In the course of all these attacks and kidnappings, state governors have continued, not just carrying on with business as usual, but contemptuously concentrating on who becomes what in 2023.
Rising Cost of Living
Though many in government may not readily agree to this, we are convinced that Nigeria and Nigerians are currently going through a food crisis that has driven up cost of living drastically, with the masses most impacted.
The current food crisis, presumably caused by terrorists and bandists’ activities and the foreign exchange crisis in the country, have put millions of households in harm’s way as hunger currently pervades the country.
In the midst of all these, Nigerian governors continued to carry on as if nothing is amiss, without efforts at activating social welfare programmes that can at least alleviate the suffering of the masses and provide some form of succour for them. Instead of this, Nigerian state governors have been busy junketing across the length and breath of the country in search of votes from the same Nigerians that are dying at the hands of bandits, terrorists, kidnappers and hunger!
Nigerian communities in more than 20 states experienced devastating flooding that sacked hundreds in communities and displaced several millions of people.
According to reports, almost 90 percent of Bayelsa State was under water, while the state was cut off from both Delta and Rivers states as the East West Road became unpassable due to the impact of the flood. Similarly, about 300 communities were said to have been submerged in Anambra State, triggering a major Iinternally Displaced Persons (IDPs) crisis in the same state. Similar occurrences, according to media reports, happened in several states in the country.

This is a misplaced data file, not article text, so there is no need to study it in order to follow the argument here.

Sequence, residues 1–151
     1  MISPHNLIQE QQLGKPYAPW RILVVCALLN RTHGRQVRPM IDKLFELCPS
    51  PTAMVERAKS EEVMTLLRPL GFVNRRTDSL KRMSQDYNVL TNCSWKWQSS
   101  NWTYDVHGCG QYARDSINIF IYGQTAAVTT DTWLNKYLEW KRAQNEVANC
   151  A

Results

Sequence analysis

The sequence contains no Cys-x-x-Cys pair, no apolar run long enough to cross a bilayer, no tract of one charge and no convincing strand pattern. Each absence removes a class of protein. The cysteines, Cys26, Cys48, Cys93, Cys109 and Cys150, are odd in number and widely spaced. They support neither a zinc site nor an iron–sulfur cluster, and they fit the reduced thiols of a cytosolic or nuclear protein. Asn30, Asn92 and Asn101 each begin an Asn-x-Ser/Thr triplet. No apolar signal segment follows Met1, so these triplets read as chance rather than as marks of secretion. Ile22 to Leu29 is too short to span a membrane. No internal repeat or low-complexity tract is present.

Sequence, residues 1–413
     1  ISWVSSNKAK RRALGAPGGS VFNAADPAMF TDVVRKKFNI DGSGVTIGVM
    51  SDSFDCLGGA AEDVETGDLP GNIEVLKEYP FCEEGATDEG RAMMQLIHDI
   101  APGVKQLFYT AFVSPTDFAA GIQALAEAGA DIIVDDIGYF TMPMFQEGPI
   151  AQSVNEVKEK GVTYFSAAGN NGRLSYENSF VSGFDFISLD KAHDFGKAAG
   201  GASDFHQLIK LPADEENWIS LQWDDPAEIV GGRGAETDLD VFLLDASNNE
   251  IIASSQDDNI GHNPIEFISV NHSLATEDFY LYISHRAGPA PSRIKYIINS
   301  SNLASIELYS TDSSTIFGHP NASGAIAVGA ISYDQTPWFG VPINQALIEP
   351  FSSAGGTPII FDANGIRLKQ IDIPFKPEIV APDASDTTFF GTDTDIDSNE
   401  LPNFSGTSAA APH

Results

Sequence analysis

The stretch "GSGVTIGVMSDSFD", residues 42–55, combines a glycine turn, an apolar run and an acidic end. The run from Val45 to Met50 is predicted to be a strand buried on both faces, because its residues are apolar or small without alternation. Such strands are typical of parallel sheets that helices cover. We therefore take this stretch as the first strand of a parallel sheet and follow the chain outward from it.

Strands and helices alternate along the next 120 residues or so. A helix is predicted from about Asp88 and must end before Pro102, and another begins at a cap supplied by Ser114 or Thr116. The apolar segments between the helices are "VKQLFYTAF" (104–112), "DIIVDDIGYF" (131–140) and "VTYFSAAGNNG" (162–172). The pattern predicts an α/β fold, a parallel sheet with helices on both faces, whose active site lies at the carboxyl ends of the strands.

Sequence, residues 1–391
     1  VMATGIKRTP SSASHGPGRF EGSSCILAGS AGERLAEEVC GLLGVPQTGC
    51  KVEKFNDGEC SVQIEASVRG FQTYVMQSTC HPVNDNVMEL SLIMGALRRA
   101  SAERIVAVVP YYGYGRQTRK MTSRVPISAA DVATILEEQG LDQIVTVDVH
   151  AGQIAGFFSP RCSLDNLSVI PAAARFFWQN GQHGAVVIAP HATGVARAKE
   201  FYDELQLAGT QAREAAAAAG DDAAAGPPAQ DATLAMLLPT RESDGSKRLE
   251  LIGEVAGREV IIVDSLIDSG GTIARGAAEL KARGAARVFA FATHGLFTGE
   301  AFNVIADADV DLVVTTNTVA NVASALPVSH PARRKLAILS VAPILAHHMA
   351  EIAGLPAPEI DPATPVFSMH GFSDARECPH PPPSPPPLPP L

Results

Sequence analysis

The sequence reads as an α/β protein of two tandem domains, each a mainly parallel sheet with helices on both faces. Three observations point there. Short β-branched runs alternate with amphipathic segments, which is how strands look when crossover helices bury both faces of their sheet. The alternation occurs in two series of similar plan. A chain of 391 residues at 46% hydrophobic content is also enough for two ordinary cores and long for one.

Despite these, politics and politicking continued to be the major concerns of Nigerian state governors, who have the very immediate and overriding responsibility for the care and well-being of Nigerians domiciled in their states.
It is our belief, just as we had stated several times, that people saddled with the responsibility of protecting and providing for the well-being of Nigerians should pay more attention to these responsibilities and not sacrifice them on the alter of politics and politicking.
It is our sincere conviction that good governance should be the preoccupation and overriding interest of elected officers at whatever level, as this should naturally be the basis for seeking for the votes of the electorate.
In the alternative, we suggest that the country’s constitution should be amended to give more powers and responsibilities to deputy governors to act, without deferring to their principals, especially when they, the principals, are distracted from performing their primary duties, as it is at the moment!